With the arrival of a new 1000 litre spraying machine and dry weather this week, hope has risen that the third spraying of the whole farm with preparation 500 may be possible. Our existing sprayer can only hold 450 litres.
The dry weather has allowed some hedge cutting to take place in one of our smaller fields. Work needed to enable the existing tired fencing to be replaced.
We were delighted to hear from Daniel who is now in Spain enjoying the relative warmth! Delighted also that he spoke as warmly about his time with us as we felt about him. He has not been replaced, and while the virus persists it is not easy to see when we can welcome woofers again, though we are already being approached from undergraduates studying at ISARA in Lyons for placements next summer – a nice reflection on the past experiences of their students here.
To be closed to woofers as we are at the moment causes me great sadness but at least correspondence continues with past woofers.
On Friday Rosie and Paul collected from Pershore College 240 bottles of apple juice pressed from the apples of our very ancient tree which fruits only every other year. The unit at the college, which we have used for years is very busy at this time of year since many local fruit growers also use their facility.
Thursday’s “in our time” programme reminded me of some of the many reasons I regret the influence of Plato and Aristotle on thinking in the North-West European world. The discussion centred on Mary Astell, one of a number of proto feminist thinkers and writers of the 17th century. I suggest proto because their main argument was for women to be educated rather than to have equal political rights. Looking back, how could the great male thinkers of the day such as Locke, who the promoted the notion of equality, not see the illogicality of excluding women from this. With hindsight, who and what caused this intellectual blockage in thinking is obvious.
I was very interested and grateful to be pointed in the direction of the United States Farm and Environment newsletter. Fundamentally the argument being made in an article by Brian Barth was that the push towards consolidation of food businesses in the United States meant bad news for ethical and environmental farming, in that it forced down prices and forced into play appalling farming practices. The article brought at once to mind the very famous book published in the 1970’s “Small is beautiful” by E.F. Schumacher – a book still very relevant today.
Hopefully if the amendment to the Agriculture Bill is, as is claimed, adopted, existing good practice in animal health and welfare together with the ban on imports of hormone filled meat and chlorinated chicken will continue.
It is so easy to imagine that our beliefs are widely shared. For me the one that really sticks in my mind, is seeing horses’ heads on display outside a butcher’s shop. Not just because horse meat is rarely deliberately eaten here but as much for the fragrant disregard for EU regulations. The latest surprise for me was learning that in Denmark and the Netherlands mink is farmed on a commercial scale. I could easily believe it of Russia or the USA but ……. This was only reported because all 15 million mink are to be slaughtered in Denmark, so ending the practice, because mink it seems carry a dangerous variant of coronavirus, something that has also been found in North America.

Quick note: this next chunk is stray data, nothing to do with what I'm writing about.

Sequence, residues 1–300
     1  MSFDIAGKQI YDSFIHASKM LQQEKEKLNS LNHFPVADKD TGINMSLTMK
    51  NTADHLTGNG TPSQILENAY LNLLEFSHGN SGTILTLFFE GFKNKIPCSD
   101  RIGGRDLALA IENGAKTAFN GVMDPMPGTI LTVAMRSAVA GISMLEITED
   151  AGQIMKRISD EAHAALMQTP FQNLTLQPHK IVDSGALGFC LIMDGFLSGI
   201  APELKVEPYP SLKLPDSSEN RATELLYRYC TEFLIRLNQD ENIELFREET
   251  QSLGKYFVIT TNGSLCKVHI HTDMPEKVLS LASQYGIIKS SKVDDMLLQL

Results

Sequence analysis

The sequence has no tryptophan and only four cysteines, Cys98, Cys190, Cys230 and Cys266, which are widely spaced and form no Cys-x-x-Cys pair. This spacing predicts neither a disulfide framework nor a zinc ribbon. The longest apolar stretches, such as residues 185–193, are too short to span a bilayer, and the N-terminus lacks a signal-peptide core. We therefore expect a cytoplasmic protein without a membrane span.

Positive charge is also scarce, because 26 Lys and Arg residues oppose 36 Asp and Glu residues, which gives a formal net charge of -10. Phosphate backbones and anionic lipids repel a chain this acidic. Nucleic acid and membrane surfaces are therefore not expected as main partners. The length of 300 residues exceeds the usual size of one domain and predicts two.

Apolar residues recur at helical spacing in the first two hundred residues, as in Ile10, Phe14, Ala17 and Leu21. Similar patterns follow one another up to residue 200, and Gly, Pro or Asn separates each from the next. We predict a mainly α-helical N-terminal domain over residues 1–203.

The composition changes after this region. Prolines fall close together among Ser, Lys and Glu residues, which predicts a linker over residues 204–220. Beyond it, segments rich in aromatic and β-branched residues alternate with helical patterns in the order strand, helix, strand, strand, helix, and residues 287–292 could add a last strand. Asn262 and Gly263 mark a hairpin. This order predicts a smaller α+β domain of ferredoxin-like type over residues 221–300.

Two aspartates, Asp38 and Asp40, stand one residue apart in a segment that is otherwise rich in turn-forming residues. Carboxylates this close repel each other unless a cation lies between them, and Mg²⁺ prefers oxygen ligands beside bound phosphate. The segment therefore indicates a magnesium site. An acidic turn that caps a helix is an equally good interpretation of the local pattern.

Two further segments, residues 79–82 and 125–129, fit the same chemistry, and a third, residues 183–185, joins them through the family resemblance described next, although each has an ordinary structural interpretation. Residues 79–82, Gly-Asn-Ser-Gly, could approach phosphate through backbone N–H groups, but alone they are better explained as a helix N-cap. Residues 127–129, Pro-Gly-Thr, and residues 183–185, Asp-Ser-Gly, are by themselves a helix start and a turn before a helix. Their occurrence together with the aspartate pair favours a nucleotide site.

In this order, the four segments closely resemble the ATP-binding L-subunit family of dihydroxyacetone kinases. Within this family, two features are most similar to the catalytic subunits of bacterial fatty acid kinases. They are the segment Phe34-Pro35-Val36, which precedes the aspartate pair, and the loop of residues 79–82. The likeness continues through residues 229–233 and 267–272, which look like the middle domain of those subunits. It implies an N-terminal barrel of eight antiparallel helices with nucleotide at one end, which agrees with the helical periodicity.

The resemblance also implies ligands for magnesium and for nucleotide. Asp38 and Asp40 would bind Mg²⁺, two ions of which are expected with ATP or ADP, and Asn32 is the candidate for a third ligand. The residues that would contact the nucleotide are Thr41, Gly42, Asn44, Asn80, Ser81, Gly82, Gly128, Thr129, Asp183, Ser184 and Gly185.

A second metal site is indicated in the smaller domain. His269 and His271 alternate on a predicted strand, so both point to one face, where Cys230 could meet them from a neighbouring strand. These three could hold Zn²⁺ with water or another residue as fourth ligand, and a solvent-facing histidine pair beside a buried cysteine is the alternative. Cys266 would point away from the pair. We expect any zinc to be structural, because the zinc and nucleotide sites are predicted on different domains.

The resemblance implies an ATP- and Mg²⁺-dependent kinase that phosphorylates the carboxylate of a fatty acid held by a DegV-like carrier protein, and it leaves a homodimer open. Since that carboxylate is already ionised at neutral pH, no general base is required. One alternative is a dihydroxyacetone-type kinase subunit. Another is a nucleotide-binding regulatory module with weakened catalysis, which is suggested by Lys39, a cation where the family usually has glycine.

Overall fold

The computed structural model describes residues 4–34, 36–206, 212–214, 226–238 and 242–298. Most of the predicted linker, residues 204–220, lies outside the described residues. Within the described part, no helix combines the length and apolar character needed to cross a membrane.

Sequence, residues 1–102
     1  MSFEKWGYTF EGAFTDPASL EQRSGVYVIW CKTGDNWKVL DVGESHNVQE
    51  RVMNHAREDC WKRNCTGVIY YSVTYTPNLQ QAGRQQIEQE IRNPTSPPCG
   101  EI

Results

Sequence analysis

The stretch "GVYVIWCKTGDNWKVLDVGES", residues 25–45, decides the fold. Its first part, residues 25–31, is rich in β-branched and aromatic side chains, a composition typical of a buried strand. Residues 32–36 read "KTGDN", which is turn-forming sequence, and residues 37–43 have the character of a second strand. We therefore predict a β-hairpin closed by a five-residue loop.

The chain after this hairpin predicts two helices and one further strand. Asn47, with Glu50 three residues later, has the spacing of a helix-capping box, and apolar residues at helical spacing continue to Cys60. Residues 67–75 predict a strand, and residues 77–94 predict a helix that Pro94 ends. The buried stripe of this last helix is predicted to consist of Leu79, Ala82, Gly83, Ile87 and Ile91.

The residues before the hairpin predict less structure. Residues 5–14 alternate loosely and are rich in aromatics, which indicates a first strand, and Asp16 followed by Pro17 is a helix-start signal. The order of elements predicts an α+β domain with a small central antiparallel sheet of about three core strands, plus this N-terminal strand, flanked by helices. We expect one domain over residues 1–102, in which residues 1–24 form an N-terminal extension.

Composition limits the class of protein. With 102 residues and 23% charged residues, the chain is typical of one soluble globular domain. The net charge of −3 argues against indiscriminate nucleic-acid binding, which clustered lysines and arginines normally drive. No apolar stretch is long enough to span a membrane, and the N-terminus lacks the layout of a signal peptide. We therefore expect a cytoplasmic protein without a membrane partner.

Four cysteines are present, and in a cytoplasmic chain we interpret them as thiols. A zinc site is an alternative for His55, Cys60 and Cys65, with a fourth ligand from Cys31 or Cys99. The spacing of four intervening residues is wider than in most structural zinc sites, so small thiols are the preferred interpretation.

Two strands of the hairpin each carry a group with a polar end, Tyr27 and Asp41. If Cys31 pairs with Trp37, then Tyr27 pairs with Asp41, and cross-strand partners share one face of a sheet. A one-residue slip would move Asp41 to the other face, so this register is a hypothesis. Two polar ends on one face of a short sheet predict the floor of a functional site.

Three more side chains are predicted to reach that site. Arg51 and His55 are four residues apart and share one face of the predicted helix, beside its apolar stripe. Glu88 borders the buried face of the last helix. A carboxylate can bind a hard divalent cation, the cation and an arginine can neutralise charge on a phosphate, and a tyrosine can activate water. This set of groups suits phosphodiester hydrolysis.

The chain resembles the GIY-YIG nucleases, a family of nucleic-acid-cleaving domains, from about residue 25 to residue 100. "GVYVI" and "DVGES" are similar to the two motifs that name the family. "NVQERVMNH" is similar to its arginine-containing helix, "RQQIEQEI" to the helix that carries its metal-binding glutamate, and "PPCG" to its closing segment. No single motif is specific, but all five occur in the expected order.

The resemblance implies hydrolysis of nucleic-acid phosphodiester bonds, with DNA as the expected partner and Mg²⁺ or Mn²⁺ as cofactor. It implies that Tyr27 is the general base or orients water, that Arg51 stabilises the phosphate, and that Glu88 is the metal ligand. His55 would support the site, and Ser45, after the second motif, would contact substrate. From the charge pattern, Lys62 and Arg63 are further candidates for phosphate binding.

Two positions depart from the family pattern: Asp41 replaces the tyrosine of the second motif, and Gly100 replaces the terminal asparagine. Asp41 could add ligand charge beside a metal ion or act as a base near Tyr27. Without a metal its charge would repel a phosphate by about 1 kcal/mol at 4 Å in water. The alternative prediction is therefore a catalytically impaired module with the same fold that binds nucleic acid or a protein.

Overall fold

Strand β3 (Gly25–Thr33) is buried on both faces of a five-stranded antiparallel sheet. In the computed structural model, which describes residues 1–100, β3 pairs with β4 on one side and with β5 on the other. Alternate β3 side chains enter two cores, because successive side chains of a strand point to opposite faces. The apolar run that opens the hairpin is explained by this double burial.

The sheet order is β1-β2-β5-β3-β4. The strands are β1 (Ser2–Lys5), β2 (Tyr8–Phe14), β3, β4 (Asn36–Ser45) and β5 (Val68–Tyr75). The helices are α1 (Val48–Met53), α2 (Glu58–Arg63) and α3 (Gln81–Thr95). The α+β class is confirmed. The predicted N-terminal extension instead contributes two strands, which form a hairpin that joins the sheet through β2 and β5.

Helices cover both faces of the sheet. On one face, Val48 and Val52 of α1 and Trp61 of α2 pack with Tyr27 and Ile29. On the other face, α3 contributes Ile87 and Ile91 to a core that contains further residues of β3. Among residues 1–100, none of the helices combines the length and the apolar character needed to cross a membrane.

The odds are that most are familiar with the poetry of Hartley’s father, of which “The rhyme of the Ancient Mariner” is probably the poem title we all recall. The Coleridge family – still extant – has done this country proud. Samuel Coleridge’s eldest son Hartley was perhaps the weakest member. Not through the opioid addiction of his father but through his personal weakness’s including for alcohol. His gifts were many but sadly wasted.
November by Harley ColeridgeTHE mellow year is hasting to its close:
The little birds have almost sung their last,
Their small notes twitter in the dreary blast –
That shrill-piped harbinger of early snows; –
The patient beauty of the scentless rose,
Oft with the morn’s hoar crystal quaintly glassed,
Hangs a pale mourner for the summer past,
And makes a little summer where it grows; –
In the chill sunbeam of the faint brief day
The dusky waters shudder as they shine;
The russet leaves obstruct the straggling way
Of oozy brooks, which no deep banks define,
And the gaunt woods, in ragged, scant array,
Wrap their old limbs with sombre ivy-twine.
PS. Those of you who also ‘enjoyed’ taking GCE English Literature at O level will remember no texts could be taken into the examination so that the favourite question of examiners ‘Compare and contrast’ demanded of us detailed memories of, was it four poems?, two plays by Shakespeare and a couple of classic novels. It was the same approach in Latin – an expectation that your memory could, under pressure, throw up relevant quotes to justify your answers. Those certainly were the ‘happiest days of our lives’.